The backers of the proposed All-Island League have decided on the proposed format for the initiative which would see all-island champions crowned via a knockout competition.
This event would take place at the end of a split season where the League of Ireland and Irish League would retain independence by declaring their own champions.
But they have conceded that the Covid-19 crisis could impact on the financial projections and sponsorship potential that was used to sell the project.
Kerry businessman Kieran Lucid has driven the plan to merge the leagues north and south and he has been involved in a lengthy consultation with clubs that was then guided by Dutch experts Hybercube and their assessment of data provided to them.
He met with stronger opposition north of the border where the IFA indicated they would not sanction the participation of their clubs, yet that was not enough of an obstacle to prevent further discussions ahead of the global shutdown of football.
Hypercube have completed the study that they were commissioned to do and have dispersed their findings to clubs.
The concept would require the two associations to come together and form a new company that would govern the project with UEFA support.
Lucid's team say they do not know how UEFA will respond until they are asked.
In an information statement for clubs, they say: "UEFA will not respond to half ideas or conjecture - only to a detailed proposal via the two associations.
"The study has shown that there is large upward potential for the game on the island, and this format would give the game a significant lift.
"What we do know for a fact is that UEFA’s Executive Committee decided in its meeting in March 2012 in Istanbul to “offer to interested associations upon request to study supra-national possibilities” and to allow test pilots on a case-by-case basis.
"In other words: the door is open."
Before they can reach that stage, they need a football structure to be approved by prospective participants.
After pitching a variety of scenarios which included a fully-merged cross border season and alternative versions, they have reported that one particular scenario was the clear winner in the Hypercube survey of the clubs.
In this idea - entitled Scenario 4 - the two Premier Divisions north and south would each have 12 teams in their respective top divisions and play out two rounds of fixtures within their own jurisdiction (22 games in total).
At that juncture, the top six teams in the Irish League and the top eight sides in the League of Ireland would go into a new 14-team league called the 'Golden Round.'
The bottom six in the Irish League, the bottom four in the League of Ireland and the top two in the League of Ireland First Division would enter a 'Silver Round' which would settle relegation issues.
They would play one round of games - 13 fixtures each - with the points accrued going towards a new 'King of the Island' table (a working title at this stage and not confirmed) and also added to the existing points tallies in their own leagues.
This would therefore lead to domestic champions and runners-up being crowned for the purpose of maintaining the current number of European participants - thus offering a solution to a major source of opposition which would be the loss of UEFA revenue.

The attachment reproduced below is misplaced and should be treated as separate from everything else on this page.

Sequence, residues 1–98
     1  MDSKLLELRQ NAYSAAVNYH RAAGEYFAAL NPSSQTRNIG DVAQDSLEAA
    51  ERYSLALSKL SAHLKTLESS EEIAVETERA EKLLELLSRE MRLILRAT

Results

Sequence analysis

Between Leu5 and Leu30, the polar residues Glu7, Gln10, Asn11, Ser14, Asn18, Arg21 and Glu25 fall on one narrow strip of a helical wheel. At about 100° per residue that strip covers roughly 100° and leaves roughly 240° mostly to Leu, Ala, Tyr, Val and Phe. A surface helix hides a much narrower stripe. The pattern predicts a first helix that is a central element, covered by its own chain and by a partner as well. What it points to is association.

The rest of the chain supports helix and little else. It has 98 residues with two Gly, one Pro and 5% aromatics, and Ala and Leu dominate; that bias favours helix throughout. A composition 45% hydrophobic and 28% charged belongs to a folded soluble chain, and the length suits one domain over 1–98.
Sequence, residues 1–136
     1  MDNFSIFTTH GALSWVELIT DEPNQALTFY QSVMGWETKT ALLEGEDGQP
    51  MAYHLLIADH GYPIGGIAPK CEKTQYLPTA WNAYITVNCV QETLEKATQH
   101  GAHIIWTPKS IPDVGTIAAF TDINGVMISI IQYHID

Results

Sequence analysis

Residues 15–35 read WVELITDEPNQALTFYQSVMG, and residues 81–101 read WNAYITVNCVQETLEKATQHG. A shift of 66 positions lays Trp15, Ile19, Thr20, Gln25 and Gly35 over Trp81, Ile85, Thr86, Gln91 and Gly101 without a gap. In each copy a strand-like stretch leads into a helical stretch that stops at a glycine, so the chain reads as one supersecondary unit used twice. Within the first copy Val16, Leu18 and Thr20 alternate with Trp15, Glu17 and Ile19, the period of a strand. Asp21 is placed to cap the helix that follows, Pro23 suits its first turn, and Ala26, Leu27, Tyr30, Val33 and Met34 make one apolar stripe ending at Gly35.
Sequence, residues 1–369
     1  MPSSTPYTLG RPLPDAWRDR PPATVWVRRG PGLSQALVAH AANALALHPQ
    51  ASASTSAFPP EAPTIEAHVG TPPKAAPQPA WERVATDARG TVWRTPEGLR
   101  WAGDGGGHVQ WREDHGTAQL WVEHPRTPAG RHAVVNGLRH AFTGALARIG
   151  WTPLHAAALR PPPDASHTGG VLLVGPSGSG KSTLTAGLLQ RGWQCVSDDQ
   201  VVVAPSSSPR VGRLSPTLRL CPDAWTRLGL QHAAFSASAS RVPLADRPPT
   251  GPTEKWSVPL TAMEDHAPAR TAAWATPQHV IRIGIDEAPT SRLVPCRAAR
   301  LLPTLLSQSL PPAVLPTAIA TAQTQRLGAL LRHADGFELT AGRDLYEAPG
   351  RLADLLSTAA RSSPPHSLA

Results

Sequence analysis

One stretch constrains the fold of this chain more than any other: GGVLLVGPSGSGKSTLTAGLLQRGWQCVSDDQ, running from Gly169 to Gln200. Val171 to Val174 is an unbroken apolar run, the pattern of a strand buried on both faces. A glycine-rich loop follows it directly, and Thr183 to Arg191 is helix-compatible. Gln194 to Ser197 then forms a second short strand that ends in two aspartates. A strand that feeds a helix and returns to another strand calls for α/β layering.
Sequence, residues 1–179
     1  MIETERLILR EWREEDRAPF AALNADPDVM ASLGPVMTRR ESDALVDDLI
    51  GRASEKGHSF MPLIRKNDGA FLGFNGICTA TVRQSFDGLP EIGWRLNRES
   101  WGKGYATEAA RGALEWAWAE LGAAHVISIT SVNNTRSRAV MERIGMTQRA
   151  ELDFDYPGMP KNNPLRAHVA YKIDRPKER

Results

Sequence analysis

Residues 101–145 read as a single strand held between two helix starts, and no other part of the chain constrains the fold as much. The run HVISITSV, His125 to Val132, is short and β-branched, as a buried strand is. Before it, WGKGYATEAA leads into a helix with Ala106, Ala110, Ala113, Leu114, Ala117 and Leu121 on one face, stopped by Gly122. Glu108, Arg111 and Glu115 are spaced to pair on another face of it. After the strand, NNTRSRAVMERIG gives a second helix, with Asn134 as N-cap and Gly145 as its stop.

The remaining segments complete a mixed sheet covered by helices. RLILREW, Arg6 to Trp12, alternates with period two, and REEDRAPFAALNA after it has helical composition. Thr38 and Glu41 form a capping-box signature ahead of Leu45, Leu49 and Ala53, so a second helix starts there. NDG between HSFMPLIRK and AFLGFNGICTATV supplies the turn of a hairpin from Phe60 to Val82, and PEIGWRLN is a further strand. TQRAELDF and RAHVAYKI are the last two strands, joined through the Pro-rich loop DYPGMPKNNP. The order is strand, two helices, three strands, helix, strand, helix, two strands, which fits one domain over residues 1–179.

Meanwhile, the top four teams to secure the most points in the 'King of the Island' standings would go straight into the quarter finals of all the overall competition.
They would be joined there by four teams to emerge from clashes between the next six clubs down and the top two 'Silver Round' performers.
Ultimately, this knockout phase would result in one team being crowned as the champions of the island.
The backers of the All-Island league say the next step is for the clubs to formally request that the idea is sanctioned by the associations north and south and UEFA.
They would then go to market and seek broadcasters, sponsors and public funding.
Hypercube say that improved prize money, the retention of UEFA solidarity money, and opportunities to access cross border peace funds should be an incentive to clubs further down the ladder who are concerned they will be second class citizens within this new world.
They say the clubs would have the freedom to determine how funds are divided out between 'Golden Round' and 'Silver Round' performers in terms of levelling the playing field.
In a statement to clubs, the All-Island League backers say that conversations with politicians and civil servants have been 'positive across the board', reaching the conclusion that 'this is an exciting project that would be a strong contender for government support due to its sporting, economic & social potential.'
A league season starting in late spring/early summer and finishing around New Year's Day is the most popular option.
The coronavirus stoppage has naturally halted the timeline targets which was geared towards a 2021 kick-off.
"There can be no doubt that the financial projections made in the study will be negatively impacted, at least in the near term," says the statement.
"As the situation is still evolving daily, what is more difficult to estimate is the scale of the impact. It is reasonable to expect that match day income, which forms a higher percentage of clubs' income here than in the larger leagues around Europe, will be depressed for some time, and it is likely to have a dampening effect on sponsorship opportunities over the coming 6-12 months.
"These are headwinds that all of football must face, but this does not change the fact that 'Scenario 4' presents a more compelling sporting and financial proposition than the current formats, and this will remain so in a post-Coronavirus climate.
"Moreover, given that the projections are based on a five to ten year horizon, there is every reason to start planning now for the long term health of the game, and to be hopeful for when restrictions are lifted."
Lucid was unavailable for comment.